Banach fixed-point theorem

From Wikipedia, the free encyclopedia
Jump to: navigation, search

In mathematics, the Banach fixed-point theorem (also known as the contraction mapping theorem or contraction mapping principle) is an important tool in the theory of metric spaces; it guarantees the existence and uniqueness of fixed points of certain self-maps of metric spaces, and provides a constructive method to find those fixed points. The theorem is named after Stefan Banach (1892–1945), and was first stated by him in 1922.[1]

The Statement[edit]

Definition. Let (X, d) be a metric space. Then a map T : XX is called a contraction mapping on X if there exists q ∈ [0, 1) such that

d(T(x),T(y)) \le q d(x,y)

for all x, y in X.

Banach Fixed Point Theorem. Let (X, d) be a non-empty complete metric space with a contraction mapping T : XX. Then T admits a unique fixed-point x* in X (i.e. T(x*) = x*). Furthermore, x* can be found as follows: start with an arbitrary element x0 in X and define a sequence {xn} by xn = T(xn−1), then xnx*.

Remark 1. The following inequalities are equivalent and describe the speed of convergence:


\begin{array}{rl}
d(x^*, x_n) &\leq \frac{q^n}{1-q} d(x_1,x_0), \\
d(x^*, x_{n+1}) &\leq \frac{q}{1-q} d(x_{n+1},x_n), \\
d(x^*, x_{n+1}) &\leq q d(x^*,x_n).
\end{array}

Any such value of q is called a Lipschitz constant for T, and the smallest one is sometimes called "the best Lipschitz constant" of T.

Remark 2. d(T(x), T(y)) < d(xy) for all xy is in general not enough to ensure the existence of a fixed point, as is shown by the map T : [1, ∞) → [1, ∞), T(x) = x + 1/x, which lacks a fixed point. However, if X is compact, then this weaker assumption does imply the existence and uniqueness of a fixed point, that can be easily found as a minimizer of d(xT(x)), indeed, a minimizer exists by compactness, and has to be a fixed point of T. It then easily follows that the fixed point is the limit of any sequence of iterations of T.

Remark 3. When using the theorem in practice, the most difficult part is typically to define X properly so that T(X) ⊆ X.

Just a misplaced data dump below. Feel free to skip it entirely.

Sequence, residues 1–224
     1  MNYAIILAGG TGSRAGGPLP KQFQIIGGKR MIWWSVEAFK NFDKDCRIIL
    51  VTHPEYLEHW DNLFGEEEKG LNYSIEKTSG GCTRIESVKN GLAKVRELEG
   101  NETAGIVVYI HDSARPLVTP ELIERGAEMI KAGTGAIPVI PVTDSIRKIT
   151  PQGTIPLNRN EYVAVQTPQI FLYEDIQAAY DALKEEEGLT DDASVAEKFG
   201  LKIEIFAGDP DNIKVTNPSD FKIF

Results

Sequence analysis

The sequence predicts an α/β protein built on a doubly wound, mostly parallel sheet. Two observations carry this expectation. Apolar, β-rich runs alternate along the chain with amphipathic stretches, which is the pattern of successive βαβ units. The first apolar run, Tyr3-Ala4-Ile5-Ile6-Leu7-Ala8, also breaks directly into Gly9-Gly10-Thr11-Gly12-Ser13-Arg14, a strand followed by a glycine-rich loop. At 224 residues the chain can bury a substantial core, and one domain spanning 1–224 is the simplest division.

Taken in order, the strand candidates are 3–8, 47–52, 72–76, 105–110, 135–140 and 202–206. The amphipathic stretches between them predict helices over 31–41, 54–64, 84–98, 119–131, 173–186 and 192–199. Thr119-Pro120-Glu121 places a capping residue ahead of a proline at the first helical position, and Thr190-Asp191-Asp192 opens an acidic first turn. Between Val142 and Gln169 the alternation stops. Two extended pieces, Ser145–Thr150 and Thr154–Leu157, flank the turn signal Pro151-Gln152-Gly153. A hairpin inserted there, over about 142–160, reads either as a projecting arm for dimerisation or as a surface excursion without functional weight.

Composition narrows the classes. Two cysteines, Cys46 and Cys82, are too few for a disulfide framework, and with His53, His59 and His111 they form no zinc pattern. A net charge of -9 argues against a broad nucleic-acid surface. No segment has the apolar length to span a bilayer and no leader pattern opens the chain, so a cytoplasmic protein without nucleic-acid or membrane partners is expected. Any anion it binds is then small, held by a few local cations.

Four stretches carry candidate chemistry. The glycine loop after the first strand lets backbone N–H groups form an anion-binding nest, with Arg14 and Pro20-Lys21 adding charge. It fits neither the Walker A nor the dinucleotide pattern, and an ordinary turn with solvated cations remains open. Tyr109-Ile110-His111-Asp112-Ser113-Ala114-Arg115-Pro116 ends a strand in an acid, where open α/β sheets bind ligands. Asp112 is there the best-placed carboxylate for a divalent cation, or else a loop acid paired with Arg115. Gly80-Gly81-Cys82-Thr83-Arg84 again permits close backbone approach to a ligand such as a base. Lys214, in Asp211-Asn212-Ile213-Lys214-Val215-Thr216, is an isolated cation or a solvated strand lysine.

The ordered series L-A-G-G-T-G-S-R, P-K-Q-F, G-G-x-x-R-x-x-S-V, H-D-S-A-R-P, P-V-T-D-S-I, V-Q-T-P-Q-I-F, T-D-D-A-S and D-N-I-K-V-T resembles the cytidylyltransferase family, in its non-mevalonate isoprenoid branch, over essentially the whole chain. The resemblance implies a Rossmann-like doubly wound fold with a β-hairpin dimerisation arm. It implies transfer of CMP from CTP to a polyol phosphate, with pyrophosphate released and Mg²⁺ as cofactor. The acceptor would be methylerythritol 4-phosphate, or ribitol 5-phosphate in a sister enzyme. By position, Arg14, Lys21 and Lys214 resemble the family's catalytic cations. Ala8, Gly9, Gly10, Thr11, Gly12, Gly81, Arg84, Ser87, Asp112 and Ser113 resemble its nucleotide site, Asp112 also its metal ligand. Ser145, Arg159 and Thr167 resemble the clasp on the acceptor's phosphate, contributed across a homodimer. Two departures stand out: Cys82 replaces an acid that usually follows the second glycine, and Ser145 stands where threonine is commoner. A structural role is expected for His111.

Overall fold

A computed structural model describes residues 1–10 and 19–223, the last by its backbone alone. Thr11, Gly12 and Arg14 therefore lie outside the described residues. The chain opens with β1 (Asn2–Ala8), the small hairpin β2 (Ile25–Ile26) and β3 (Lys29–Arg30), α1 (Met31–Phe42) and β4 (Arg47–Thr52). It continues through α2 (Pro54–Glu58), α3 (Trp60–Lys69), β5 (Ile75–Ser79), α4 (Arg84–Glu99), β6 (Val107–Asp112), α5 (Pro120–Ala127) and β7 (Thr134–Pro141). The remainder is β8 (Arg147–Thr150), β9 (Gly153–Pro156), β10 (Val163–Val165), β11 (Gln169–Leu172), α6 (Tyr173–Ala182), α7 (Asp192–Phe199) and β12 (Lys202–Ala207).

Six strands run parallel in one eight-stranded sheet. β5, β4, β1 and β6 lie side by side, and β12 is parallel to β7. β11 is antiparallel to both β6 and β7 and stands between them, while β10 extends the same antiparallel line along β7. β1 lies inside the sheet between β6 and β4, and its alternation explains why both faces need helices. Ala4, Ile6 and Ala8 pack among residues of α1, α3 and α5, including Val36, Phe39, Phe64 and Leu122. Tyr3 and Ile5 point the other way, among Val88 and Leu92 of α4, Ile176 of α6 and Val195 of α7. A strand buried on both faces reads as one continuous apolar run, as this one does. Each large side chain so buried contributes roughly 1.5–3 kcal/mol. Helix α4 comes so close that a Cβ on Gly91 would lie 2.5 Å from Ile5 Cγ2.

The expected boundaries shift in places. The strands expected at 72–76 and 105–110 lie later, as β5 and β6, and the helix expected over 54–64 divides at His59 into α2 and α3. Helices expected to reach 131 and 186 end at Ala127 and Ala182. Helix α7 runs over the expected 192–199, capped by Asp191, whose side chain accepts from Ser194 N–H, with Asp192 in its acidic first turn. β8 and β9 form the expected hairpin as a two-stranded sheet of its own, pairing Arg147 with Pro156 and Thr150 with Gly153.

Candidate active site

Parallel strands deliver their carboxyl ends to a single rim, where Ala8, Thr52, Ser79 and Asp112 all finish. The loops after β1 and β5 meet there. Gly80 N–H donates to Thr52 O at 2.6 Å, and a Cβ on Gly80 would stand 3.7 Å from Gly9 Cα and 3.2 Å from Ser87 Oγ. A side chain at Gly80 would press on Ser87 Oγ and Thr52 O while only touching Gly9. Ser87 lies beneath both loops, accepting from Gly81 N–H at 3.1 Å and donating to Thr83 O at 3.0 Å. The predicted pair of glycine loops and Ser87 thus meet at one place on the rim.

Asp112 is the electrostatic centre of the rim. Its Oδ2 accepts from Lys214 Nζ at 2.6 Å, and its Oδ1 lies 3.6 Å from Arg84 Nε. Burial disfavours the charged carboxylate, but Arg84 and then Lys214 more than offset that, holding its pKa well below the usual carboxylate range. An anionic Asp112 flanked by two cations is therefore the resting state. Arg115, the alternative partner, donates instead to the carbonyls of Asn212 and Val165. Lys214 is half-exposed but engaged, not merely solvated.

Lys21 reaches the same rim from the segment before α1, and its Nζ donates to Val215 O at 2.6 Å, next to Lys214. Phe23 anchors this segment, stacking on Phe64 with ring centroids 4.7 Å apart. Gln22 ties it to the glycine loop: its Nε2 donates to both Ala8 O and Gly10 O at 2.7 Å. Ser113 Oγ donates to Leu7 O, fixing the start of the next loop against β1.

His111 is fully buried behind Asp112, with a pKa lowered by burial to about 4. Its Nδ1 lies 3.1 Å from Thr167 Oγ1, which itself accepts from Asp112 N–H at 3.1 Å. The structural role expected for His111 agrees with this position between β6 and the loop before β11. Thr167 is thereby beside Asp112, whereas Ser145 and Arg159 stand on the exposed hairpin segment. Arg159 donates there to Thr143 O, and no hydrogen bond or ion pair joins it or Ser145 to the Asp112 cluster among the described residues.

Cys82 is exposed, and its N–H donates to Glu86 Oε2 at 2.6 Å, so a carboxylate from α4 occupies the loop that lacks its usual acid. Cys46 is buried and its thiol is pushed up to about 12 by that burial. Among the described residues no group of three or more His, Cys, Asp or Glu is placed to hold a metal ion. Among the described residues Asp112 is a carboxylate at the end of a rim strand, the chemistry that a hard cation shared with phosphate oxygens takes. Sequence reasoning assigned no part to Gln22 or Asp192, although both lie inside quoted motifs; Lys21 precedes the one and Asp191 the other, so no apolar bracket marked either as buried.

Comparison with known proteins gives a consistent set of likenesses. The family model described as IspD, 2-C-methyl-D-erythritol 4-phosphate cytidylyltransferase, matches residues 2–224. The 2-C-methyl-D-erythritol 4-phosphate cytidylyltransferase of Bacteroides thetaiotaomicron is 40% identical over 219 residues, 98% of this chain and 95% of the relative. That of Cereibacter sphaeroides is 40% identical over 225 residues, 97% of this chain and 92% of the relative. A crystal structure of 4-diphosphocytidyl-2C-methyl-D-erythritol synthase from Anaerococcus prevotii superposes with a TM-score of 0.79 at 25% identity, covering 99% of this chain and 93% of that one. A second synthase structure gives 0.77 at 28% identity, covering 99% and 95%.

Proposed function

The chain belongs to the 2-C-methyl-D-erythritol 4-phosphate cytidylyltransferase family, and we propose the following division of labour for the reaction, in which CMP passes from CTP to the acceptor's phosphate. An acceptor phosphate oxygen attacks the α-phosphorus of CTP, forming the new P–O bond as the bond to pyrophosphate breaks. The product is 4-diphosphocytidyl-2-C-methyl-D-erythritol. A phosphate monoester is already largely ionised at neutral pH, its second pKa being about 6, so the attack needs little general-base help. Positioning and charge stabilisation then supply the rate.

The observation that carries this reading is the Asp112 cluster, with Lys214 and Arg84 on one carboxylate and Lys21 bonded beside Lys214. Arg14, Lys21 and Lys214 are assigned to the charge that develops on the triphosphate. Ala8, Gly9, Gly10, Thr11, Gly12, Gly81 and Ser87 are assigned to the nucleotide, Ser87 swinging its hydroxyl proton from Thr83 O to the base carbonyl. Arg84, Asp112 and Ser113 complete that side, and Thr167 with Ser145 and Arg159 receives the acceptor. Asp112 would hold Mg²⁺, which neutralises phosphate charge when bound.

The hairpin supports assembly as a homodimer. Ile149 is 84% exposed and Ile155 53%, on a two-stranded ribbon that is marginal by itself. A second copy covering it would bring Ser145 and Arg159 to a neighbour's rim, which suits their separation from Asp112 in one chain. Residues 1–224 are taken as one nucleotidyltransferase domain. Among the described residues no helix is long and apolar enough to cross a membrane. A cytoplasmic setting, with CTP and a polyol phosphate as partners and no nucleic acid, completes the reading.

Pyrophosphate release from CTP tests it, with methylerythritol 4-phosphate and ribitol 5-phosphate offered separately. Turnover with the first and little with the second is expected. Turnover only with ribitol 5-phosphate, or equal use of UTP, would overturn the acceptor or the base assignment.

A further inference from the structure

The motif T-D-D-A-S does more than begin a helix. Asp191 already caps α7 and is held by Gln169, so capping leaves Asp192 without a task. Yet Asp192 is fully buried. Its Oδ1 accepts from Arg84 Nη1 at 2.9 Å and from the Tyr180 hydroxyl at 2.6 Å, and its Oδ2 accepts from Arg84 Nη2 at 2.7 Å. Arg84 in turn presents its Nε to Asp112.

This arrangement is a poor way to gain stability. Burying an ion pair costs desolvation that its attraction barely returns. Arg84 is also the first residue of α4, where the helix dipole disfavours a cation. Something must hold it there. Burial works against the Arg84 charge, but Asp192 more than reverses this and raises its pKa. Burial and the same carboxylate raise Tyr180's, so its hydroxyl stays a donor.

Proofs[edit]

Banach's Original Proof[edit]

Let x0 ∈ (X, d) be arbitrary and define a sequence {xn} by setting: xn = T(xn−1). Banach's original proof can be broken down into several Lemmas:

Lemma 1. For all nN, d(xn+1, xn) ≤ qnd(x1, x0).

Proof. We will proceed using induction, the base of the induction (n = 1) holds:

d(x_{1+1}, x_1) = d(x_2, x_1) = d(T(x_1), T(x_0)) \leq qd(x_1, x_0).

Suppose the statement holds for some kN. Then we have

\begin{array}{rlll}
d(x_{(k + 1) + 1}, x_{k + 1}) & = d(x_{k + 2}, x_{k + 1}) \\
& = d(T(x_{k + 1}), T(x_k)) \\
& \leq q d(x_{k + 1}, x_k) \\
& \leq q q^kd(x_1, x_0) && \text{Induction Hypothesis}\\
& = q^{k + 1}d(x_1, x_0).
\end{array}

By the principle of mathematical induction, for all nN, the Lemma is proven.

Lemma 2. {xn} is a Cauchy sequence in (X, d) and hence converges to a limit x* in X.

Proof. Let m, nN such that m > n.

\begin{array}{rlll}
d(x_m, x_n) & \leq d(x_m, x_{m-1}) + d(x_{m-1}, x_{m-2}) + \cdots + d(x_{n+1}, x_n) && \text{Triangle Inequality} \\
& \leq q^{m-1}d(x_1, x_0) + q^{m-2}d(x_1, x_0) + \cdots + q^nd(x_1, x_0)  && \text{Lemma 1}\\
& = q^n d(x_1, x_0) \sum_{k=0}^{m-n-1} q^k \\
& \leq q^n d(x_1, x_0) \sum_{k=0}^\infty q^k \\
& = q^n d(x_1, x_0) \left ( \frac{1}{1-q} \right ) && \text{Geometric Series}
\end{array}

Let ε > 0 be arbitrary, since q ∈ [0, 1), we can find a large NN so that

q^N < \frac{\varepsilon(1-q)}{d(x_1, x_0)}.

Therefore by choosing m, n large enough we may write:

d(x_m, x_n)  \leq q^n d(x_1, x_0) \left ( \frac{1}{1-q} \right ) < \left (\frac{\varepsilon(1-q)}{d(x_1, x_0)} \right ) d(x_1, x_0) \left ( \frac{1}{1-q} \right ) = \varepsilon.

Since ε > 0 was arbitrary this proves that sequence is Cauchy.

Lemma 3. x* is a fixed point of T.

Proof. Take the limit of both sides of the recurrence xn = T(xn−1),

 \lim_{n\to\infty} x_n = \lim_{n\to\infty} T(x_{n-1})

Since T is a contraction mapping, it is continuous, so we may take the limit inside:

\lim_{n\to\infty} x_n = T\left(\lim_{n\to\infty} x_{n-1} \right).

Thus, x* = T(x*).

Lemma 4. x* is the only fixed point of T in (X, d).

Proof. Suppose y also satisfies T(y) = y. Then

0 \leq d(x^*, y) = d(T(x^*), T(y)) \leq q d(x^*, y).

Remembering that q ∈ [0, 1), the above implies that 0 ≤ (1−q)d(x*, y) ≤ 0, which shows that d(x*, y) = 0, whence by positive definiteness, x* = y.

Shorter Proof[edit]

Now we present a simpler proof that appeared recently in the Journal of Fixed Point Theory and its Application (see reference).

By the triangle inequality, for all x, y in X,

\begin{array}{rl}
d(x,y) &\le d(x,T(x)) + d(T(x),T(y)) + d(T(y),y) \\
&\le  d(x,T(x)) + q d(x,y) + d(T(y),y) 
\end{array}

solving for d(x, y) we get the ``Fundamental Contraction Inequality":

d(x,y) \le \frac{d(T(x), x) + d(T(y),y)}{1-q},

and we note that if x and y are both fixed points then this implies that d(x, y) = 0, so x = y, proving that T has at most one fixed point. Now define the mapping Tn by composing T with itself n times and note by induction that it satisfies a Lipschitz condition with constant qn. It remains to show that for any x0 in X, the sequence {Tn(x0)} is Cauchy and so converges to a point x* of X, which as noted above is clearly a fixed point of T. If in the Fundamental Inequality we replace x and y by Tn(x0) and Tm(x0), we find that